Mr. Robot and the demonology of capitalism

The protagonist of Mr. Robot, a brilliant but profoundly disaffected hacker, conjures the titular character from his own psyche so he can transform the world. He finds that not only is a pact with a demon insufficient for remaking society, but that the ability to bring about intentional, lasting change is beyond even the highest powers.

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Black Mirror and Netflix’s hedonic treadmill

Black Mirror seems to point out the potential dangers of nascent technologies, which promise to improve our lives while robbing us of some fundamental aspect of humanity. But, as yet another thumbnail on Netflix’s infinite carousel of time-wasting distraction, does on-demand ‘content’ have the power to wake us from our technological stupor?

TL;DR: I wish I could stop watching television.

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Blade Runner 2049 and nostalgia for capitalism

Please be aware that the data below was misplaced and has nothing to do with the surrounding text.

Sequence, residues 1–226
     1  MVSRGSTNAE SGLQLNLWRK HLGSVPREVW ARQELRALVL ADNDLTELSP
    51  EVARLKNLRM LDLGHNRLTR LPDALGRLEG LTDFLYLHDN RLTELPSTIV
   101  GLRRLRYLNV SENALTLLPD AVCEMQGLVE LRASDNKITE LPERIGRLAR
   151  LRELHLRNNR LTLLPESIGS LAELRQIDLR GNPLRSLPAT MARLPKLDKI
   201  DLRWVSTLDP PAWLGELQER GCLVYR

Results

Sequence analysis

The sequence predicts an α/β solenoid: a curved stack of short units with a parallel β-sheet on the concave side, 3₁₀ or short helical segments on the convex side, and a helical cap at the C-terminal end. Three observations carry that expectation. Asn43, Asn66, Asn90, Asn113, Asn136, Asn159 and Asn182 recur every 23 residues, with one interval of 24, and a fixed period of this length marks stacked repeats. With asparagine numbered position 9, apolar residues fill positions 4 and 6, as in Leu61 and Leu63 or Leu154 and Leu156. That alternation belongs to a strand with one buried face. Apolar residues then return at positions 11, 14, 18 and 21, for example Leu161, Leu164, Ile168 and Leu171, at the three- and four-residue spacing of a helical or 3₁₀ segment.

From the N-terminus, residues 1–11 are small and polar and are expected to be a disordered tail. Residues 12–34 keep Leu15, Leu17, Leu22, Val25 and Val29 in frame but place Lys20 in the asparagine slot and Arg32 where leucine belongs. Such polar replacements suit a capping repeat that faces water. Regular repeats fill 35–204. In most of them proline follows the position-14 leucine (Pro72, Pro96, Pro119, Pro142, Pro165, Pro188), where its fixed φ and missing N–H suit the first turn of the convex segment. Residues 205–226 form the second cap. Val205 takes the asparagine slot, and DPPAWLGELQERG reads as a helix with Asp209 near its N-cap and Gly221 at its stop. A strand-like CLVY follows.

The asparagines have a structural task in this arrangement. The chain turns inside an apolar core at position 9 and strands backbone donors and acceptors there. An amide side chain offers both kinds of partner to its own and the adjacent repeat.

Denis Villeneuve’s sequel, arriving 35 years after Ridley Scott’s rain-drenched vision of a near-future dystopia, painstakingly replicates the look and feel of the original. But Blade Runner 2049 isn’t just nostalgic for Lawrence G. Paul’s production design, it’s a requiem for American capitalism.

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What’s in a name?

Consummatum est: this bill is ended,
And Faustus hath bequeathed his soul to Lucifer.
But what is this inscription on mine arm?
Homo, fuge! Whither should I fly?
If unto God, he’ll throw me down to hell.
My senses are deceived, here’s nothing writ:
O yes, I see it plain, even here is writ
Homo, fuge! Yet shall not Faustus fly.

The Tragical History of the Life and Death of Doctor Faustus – Christopher Marlowe, c. 1590